Krawzow’s shoot hit the newsstands in October 2020, raising eyebrows, and also questions. How do we see Paralympians? Are we comfortable seeing this much of one? What about an athlete in a wheelchair? Or with cerebral palsy?
“I wanted to show that people with a disability are the same as those without a disability,” Krawzow says. “We want the same chance to live, to love ourselves independent of the disability.
“In Germany some of the population are very shy and nervous around people with a disability. I don’t know why. We are not dangerous. We are normal people. That was my challenge; to show we are completely normal and they can speak with us like normal people.
“A lot of women and other people wrote to me on Instagram to say thank you and to say it motivated them and made them feel better, it was so nice to hear it.”
Not everyone was a fan. Krawzow’s parents, who have moved back to rural Kazakhstan from Germany, found the cultural and generational gap too wide.
Her father didn’t talk about it. In relation to other, more modest bikini-clad photos featured on her social media, he expressed concern over the lack of warmth and support in her outfits.
He was soon on more comfortable ground. Less than a year after the Playboy shoot, Krawzow was back in a one-piece, back in the pool, back among the hunt for medals.
Halfway through the 100m breaststroke Paralympic final at the Tokyo Aquatics Centre, on 1 September 2021, Krawzow sensed something was amiss.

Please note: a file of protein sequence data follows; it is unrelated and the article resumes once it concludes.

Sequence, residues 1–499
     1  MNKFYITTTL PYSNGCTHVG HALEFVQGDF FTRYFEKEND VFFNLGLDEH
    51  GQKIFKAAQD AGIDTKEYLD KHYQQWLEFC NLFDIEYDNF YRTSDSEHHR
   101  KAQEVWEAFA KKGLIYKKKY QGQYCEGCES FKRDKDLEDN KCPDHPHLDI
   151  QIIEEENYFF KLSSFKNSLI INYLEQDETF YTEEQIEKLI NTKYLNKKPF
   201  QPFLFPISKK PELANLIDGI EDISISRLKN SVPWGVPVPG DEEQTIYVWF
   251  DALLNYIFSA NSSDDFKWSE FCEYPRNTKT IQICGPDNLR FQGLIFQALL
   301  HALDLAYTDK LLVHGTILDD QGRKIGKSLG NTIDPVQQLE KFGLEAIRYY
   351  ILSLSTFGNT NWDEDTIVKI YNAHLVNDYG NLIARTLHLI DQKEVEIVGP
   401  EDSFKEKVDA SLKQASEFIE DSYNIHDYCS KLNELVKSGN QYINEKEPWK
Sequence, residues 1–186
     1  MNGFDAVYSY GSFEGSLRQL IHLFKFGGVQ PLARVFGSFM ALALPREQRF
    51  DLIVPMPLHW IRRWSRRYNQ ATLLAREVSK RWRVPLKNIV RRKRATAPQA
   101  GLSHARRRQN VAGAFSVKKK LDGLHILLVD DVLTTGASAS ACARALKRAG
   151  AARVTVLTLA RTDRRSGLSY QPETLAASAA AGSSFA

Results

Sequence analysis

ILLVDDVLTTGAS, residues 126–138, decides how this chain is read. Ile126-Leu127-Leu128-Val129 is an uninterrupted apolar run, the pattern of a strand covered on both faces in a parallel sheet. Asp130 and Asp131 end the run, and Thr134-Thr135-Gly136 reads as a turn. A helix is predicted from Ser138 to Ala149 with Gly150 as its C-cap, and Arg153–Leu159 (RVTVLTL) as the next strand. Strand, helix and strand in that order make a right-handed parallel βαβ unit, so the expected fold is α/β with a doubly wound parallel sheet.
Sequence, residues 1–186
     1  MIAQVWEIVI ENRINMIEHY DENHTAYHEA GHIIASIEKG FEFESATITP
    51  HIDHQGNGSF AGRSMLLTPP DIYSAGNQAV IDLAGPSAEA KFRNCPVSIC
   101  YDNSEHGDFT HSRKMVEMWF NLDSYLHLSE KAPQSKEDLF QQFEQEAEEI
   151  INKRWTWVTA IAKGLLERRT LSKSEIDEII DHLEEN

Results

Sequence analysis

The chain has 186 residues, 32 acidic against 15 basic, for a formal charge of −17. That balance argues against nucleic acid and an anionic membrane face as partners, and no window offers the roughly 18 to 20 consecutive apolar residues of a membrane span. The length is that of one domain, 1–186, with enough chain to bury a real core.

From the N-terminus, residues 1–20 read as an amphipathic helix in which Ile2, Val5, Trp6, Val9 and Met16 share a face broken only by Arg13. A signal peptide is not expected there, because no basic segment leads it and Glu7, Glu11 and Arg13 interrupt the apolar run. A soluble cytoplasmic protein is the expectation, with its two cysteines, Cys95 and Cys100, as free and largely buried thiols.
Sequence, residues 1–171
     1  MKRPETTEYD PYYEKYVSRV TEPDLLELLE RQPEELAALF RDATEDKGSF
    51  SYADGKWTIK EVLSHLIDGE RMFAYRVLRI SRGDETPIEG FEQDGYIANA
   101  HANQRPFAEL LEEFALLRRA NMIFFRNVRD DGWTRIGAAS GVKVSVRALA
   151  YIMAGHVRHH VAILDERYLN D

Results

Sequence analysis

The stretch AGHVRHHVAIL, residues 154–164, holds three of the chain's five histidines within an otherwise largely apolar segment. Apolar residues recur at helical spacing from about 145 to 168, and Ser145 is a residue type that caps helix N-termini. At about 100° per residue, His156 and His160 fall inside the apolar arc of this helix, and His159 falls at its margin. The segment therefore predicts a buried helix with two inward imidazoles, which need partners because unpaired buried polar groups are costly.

“Just after the 50m turn, as I came back for the final length I thought ‘maybe someone has turned before me,'” she remembers. “Maybe Rebecca is faster than me.”
The Rebecca in question is Britain’s Rebecca Redfern. She was indeed a second or more ahead. Krawzow could feel her dream of Paralympic gold slipping away. Again.
Five years earlier Krawzow had arrived at Rio 2016 as a world record holder and red-hot favourite, but faded to fifth. Determined not to be denied again, she reeled in Redfern, inch by inch.
The German touched first, but was one of the last to know it.
“I had to ask a volunteer at the poolside what my time was,” she says.
“After that I realised I was the winner. It was very emotional for me. There was a lot of work and sacrifices for this medal so I was the happiest girl in the world.”
After the Paralympics, Krawzow travelled, celebrated and got engaged to her boyfriend. Life was good, but her headaches were bad.
She had felt them in Tokyo, but put them down to jet-leg, a new environment, the build-up of a decade of Paralympic pressure. They were harder to explain as they persisted on a post-Games holiday in Paris.
She went for an MRI scan the afternoon after she and her fiancée Phillip had been shopping for wedding rings. The images came back showing a malignant brain tumour.
“I had been so happy and then in that next second of the diagnosis, I felt completely destroyed,” Krawzow says.
“All my good feeling was gone.”
An operation followed, chemotherapy and radiotherapy stretches in front of her for another 10 months. Our interview was interrupted by the latest, thankfully upbeat, update from her doctor.
Krawzow, now 28, is still training, still competing, still unswerving in her approach to sport and life: ignoring the noise, focusing on her own race. June’s World Championships in Portugal is next. Paris 2024 around the corner.
“One of my first questions after my brain operation was how soon can I train again,” she says.
“I think this is one of the most important things in life: to have goals, rather than staying at home, thinking about all the horrible things.”
Instead Krawzow keeps chasing her new horizons, and challenging our old assumptions.